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implied; for his soul is first made sorrowful with the bitter meditations on his sufferings and death, and then he poureth it out in prayer.(A;) So that Christ hadhis accustomed place, and consequently accustomed doty; and so must we: he hath a place that is solitary, whither he retireth himself, even from his own disciples; and so must we: his meditations go further than his thoughts, they affect and pierce his heart and soul; and somtflt ours. Only there is a wide difference in die object: Christ meditates on the sufferings that our sins had deserved, so that the wrath of his Father passed through all his soul; but we are to meditate on the glory he hath purchased, that the love of the Father, and the joy of the Spirit, may enter at our thoughts, and revive our affections, and overflow our souls.
§ 19. (IV.) I am next to advise thee concerning the preparations of thy heart for this heavenly contemplation. The success of the work much depends on the frame of thy heart. When man's heart had nothing it it to grieve the Spirit, it was then the delightful habitation of his Maker. God did not quit his residenfl there till man expelled him by unworthy provocations There was no shyness or reserve till the heart grew sinful, and too loathsome a dungeon for God to delight in And was this soul reduced to its former innocence God would quickly return to his former habitation: yea, so far as it is renewed and repaired by the Spirit and purged from its lusts, and beautified with his image, the Lord will yet acknowledge it as his own: Christ will manifest himself unto it, and the Spirit will takert for his temple and residence. So far as the heart is qo* lifted for conversing with God, so far it usually enjoy? him. Therefore, with all diligence keep thy heart, fa out of it are the issues oflife.(t) More particularly,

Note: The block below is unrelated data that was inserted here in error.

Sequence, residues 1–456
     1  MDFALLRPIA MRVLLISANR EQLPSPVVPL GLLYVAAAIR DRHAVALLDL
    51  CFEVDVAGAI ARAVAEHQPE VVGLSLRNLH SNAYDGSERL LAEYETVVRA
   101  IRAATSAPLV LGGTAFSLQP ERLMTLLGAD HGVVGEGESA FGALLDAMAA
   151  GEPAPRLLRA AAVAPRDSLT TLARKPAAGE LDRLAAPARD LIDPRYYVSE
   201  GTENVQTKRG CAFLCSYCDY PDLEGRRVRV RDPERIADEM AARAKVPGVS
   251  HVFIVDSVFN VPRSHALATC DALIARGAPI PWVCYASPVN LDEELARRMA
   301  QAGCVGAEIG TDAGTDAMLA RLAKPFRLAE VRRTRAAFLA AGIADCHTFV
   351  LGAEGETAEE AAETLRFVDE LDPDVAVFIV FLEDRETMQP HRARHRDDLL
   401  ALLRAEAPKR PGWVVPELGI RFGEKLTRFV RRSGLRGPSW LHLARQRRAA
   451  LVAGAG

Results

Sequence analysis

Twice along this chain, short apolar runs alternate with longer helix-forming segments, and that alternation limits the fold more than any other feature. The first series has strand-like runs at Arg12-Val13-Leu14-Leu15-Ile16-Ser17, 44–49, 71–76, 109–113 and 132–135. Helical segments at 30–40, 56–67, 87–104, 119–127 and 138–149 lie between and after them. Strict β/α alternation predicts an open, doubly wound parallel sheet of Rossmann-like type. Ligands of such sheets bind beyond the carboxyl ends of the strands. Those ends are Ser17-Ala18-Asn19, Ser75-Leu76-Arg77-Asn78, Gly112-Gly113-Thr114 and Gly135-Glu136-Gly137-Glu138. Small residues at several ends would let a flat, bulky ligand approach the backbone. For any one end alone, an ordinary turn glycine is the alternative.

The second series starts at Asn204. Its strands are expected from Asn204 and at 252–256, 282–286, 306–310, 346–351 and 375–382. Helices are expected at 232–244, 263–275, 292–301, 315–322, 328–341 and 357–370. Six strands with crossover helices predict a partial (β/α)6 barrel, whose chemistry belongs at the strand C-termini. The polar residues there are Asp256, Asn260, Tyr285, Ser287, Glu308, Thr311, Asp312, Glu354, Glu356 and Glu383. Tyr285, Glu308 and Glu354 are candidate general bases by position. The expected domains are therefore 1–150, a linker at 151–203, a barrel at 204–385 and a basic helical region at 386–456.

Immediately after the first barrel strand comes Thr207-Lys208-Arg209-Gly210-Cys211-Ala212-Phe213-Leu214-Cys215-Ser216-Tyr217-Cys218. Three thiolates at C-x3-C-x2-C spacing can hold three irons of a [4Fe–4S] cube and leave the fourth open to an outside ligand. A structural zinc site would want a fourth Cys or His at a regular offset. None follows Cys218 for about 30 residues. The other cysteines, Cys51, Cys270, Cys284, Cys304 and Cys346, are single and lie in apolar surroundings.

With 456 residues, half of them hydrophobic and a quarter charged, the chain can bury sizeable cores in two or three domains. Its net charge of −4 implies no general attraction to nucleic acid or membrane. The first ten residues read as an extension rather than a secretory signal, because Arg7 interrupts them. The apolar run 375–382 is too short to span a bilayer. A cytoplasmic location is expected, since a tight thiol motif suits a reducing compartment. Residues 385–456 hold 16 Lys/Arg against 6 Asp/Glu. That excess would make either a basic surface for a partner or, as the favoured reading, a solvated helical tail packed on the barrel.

§ 20. (1) Get thy heart as clear from the worM & thou canst. Wholly lay by the thoughts of thy bo. siness, troubles, enjoyments, and every thing that may take up any room in thy soul. Get it as empty as tho" possibly canst, that it may be the more capable of beini
(ft) Mark xiv. 34, 35. (/) Prov. iv. 23.
illed with God. If thou couldest perform some outvard duty with a piece of thy heart, while the other is ibsent, yet this duty above all I am sure thou canst not. *Vhen thou shalt go into the mount of contemplation, hou wilt be like the covetous man at the heap of gold, vho, when he might take as much as he could, lanented that he was able to carry no more; so thou tilt find so much of God and glory as thy narrow heart s able to contain, and almost nothing to hinder thy nil possession, but the incapacity of thy own spirit. Then thou wilt think, "O that this understanding, nd these affections, could contain more! It is more ny unfitness than any thing else, that even this place i not my heaven. God is in this place, and I know t not. This mountain is full of chariots of fire, but iine eyes are shut, and I cannot see them. O the fords of love Christ hath to speak, and wonders of )ve he hath to show, but I cannot bear them yet! leaven is ready for me, but my heart is unready for eaven." Therefore, Reader, seeing thy enjoyment of »od in this contemplation much depends on the ca'acity and disposition of thy heart, seek him here, if w, with all thy soul. Thrust not Christ into the table and the manger, as if thou hadst better guests >r the chief rooms. Say to all thy worldly business nd thoughts, as Christ to his disciples, Sit ye here, 'bile I go and pray yonder. Or as Abraham to his ervants when he went to offer Isaac, Abide ye here, nd I will go yonder and worship, and come again to ou. Even as the priests thrust king Uzziah out of tie temple where he presumed to burn incense, when hey saw the leprosy upon him; so do thou thrust bse thoughts from the temple of thy heart, which ave the badge of God's prohibition upon them. § 21. (2) Be sure to set upon this work with the reatest solemnity of heart and mind. There is no triing in holy things. God wiU be sanctified in them tlmt eine nigh him.(m) These spiritual, excellent, soul-raising uties, are, if well used, most profitable; but when used